• To place (a map or chart) in such a horizontal position that a line joining any two given points on the map shall be parallel to the line joining the corresponding points on the earth's surface; literally, to make the east direction on the map point toward the east.

from the GNU version of the Collaborative International Dictionary of English.

  • noun The part of the horizon where the sun first appears in the morning; the east.
  • noun The countries of Asia or the East.
  • noun rare A pearl of great luster.
  • adjective Rising, as the sun.
  • adjective Eastern; oriental.
  • adjective Bright; lustrous; superior; pure; perfect; pellucid; -- used of gems and also figuratively, because the most perfect jewels are found in the East.
  • transitive verb To define the position of, in relation to the orient or east; hence, to ascertain the bearings of.
  • transitive verb To acquaint with new surroundings or a new situation.
  • transitive verb Fig.: To correct or set right by recurring to first principles; to arrange in order; to orientate.
  • transitive verb Same as Orientate, 2.
  • transitive verb (Surv.) To place (a map or chart) so that its east side, north side, etc., lie toward the corresponding parts of the horizon

from Wiktionary, Creative Commons Attribution/Share-Alike License.

  • verb transitive To familiarize with a situation or circumstance.
  • verb transitive To set the focus of so as to relate or appeal to a certain group.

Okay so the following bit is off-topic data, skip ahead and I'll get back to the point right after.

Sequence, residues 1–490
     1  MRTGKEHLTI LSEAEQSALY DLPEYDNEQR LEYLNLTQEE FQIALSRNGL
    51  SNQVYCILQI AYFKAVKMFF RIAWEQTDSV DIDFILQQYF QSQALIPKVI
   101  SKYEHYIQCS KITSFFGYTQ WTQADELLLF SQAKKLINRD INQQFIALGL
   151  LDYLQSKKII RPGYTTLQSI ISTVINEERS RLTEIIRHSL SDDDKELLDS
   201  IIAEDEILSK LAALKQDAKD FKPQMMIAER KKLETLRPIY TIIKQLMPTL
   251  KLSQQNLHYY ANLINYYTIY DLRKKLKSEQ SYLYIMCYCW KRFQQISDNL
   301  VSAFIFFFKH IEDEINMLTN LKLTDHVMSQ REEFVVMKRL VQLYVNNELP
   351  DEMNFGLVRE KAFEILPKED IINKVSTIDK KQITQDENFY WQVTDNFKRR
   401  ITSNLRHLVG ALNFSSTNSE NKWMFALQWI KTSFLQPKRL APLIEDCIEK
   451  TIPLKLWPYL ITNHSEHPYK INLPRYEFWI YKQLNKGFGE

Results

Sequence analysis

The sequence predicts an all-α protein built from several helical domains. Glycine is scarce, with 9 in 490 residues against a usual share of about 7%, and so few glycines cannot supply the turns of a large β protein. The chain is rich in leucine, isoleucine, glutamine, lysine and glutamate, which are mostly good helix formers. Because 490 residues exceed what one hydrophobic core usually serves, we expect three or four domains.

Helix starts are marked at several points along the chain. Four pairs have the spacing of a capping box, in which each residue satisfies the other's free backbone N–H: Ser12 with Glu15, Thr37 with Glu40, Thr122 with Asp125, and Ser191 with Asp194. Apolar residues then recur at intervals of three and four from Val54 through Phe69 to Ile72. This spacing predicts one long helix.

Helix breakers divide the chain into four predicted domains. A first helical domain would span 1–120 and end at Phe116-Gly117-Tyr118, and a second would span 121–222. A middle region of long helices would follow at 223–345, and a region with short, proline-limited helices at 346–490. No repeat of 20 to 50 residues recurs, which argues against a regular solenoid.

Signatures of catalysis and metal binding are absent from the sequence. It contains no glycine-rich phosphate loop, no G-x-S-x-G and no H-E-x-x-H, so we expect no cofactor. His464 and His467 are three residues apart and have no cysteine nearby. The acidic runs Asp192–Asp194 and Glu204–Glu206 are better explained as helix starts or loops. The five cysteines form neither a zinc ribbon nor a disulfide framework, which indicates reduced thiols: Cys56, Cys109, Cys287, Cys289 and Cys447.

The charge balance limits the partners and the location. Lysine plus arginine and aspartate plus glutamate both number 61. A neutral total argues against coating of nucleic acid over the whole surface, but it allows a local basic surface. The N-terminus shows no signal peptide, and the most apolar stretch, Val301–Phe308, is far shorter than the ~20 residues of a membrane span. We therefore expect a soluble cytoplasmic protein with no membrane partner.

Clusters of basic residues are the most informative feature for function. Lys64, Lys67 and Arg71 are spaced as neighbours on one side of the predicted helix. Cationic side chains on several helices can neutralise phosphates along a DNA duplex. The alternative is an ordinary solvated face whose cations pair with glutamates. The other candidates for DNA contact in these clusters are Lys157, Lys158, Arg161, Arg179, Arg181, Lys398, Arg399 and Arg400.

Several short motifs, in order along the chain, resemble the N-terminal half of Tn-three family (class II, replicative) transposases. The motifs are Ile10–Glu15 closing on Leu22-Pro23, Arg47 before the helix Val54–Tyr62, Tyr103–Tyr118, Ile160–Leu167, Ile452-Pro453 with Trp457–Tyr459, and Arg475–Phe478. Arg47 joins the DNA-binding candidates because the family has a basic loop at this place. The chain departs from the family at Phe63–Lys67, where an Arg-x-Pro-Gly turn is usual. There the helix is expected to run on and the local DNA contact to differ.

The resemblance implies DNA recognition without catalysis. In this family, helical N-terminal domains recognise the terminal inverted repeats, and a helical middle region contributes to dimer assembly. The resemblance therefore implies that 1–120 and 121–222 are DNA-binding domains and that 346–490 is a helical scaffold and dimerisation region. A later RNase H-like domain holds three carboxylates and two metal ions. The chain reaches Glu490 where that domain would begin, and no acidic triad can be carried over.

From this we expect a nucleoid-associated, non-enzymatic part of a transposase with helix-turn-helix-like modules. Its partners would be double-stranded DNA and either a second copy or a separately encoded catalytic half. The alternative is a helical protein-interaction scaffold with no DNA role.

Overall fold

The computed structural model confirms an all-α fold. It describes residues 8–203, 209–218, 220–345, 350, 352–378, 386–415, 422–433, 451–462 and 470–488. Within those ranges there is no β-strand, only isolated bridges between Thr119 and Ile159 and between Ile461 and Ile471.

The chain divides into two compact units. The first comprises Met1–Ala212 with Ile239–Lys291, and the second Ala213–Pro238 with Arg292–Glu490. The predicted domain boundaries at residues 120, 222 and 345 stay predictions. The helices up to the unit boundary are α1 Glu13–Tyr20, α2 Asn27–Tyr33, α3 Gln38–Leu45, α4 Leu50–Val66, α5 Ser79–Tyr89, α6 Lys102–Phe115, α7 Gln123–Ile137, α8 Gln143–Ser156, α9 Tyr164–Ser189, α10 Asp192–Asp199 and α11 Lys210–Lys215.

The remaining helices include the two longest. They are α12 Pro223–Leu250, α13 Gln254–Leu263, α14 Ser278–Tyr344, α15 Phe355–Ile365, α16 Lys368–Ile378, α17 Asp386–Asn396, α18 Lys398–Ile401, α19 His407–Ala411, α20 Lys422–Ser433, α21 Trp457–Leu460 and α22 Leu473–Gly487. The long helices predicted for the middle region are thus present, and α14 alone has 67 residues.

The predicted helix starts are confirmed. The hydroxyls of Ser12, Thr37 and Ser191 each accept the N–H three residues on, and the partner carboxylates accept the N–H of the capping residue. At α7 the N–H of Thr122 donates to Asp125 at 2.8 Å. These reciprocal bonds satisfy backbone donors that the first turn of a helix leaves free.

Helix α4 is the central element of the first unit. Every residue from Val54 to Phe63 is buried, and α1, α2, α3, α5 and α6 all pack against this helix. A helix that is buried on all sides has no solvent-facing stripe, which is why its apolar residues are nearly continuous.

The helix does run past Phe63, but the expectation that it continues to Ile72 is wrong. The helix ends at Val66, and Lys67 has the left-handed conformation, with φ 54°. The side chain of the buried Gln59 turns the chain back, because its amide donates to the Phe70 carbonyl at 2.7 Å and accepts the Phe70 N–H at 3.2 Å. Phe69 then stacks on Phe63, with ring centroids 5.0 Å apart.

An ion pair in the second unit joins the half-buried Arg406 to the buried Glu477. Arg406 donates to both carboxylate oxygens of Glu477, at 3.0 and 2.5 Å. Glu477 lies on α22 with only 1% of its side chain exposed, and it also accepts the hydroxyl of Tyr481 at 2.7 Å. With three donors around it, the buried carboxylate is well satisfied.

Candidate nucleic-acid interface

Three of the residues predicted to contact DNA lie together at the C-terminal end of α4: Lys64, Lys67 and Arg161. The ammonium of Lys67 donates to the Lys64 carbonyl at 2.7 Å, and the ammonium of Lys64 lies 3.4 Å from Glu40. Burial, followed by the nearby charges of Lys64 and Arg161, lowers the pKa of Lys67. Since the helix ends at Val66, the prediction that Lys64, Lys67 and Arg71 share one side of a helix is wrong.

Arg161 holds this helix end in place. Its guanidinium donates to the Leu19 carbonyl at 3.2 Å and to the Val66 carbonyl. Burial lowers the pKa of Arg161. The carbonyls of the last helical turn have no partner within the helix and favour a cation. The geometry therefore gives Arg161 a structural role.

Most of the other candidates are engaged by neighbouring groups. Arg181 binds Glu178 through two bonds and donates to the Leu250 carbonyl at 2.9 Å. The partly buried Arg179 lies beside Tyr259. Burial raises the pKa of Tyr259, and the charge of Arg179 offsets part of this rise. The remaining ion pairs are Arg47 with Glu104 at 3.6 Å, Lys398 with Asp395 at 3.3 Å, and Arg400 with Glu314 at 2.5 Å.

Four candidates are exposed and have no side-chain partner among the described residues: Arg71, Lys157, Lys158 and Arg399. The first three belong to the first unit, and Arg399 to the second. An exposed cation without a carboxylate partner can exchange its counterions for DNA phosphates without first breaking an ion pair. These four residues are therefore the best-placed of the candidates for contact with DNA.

• verb transitive To point at or direct towards.
  • verb transitive To determine which direction one is facing.
  • verb transitive To place or build so as to face eastward.
  • verb intransitive To change direction so as to face east.
  • verb by extension To change direction to face a certain way.

from WordNet 3.0 Copyright 2006 by Princeton University. All rights reserved.

  • verb be oriented
  • verb adjust to a specific need or market
  • noun the countries of Asia
  • verb familiarize (someone) with new surroundings or circumstances
  • noun the hemisphere that includes Eurasia and Africa and Australia
  • verb determine one's position with reference to another point

Etymologies

from The American Heritage® Dictionary of the English Language, 4th Edition

[Middle English, from Old French, from Latin oriēns, orient-, rising sun, east, from present participle of orīrī, to arise, be born; see er- in Indo-European roots.]

from Wiktionary, Creative Commons Attribution/Share-Alike License

From Middle English orient, from Old French orient, from Latin oriens ("rising; as a noun, the quarter where the sun rises, the east, day"), present participle of oriri ("to rise").

Examples

  • American commentators continue to object to orientate (used more frequently by the British), mainly because orient is shorter but also because the figurative use is outstripping the literal one.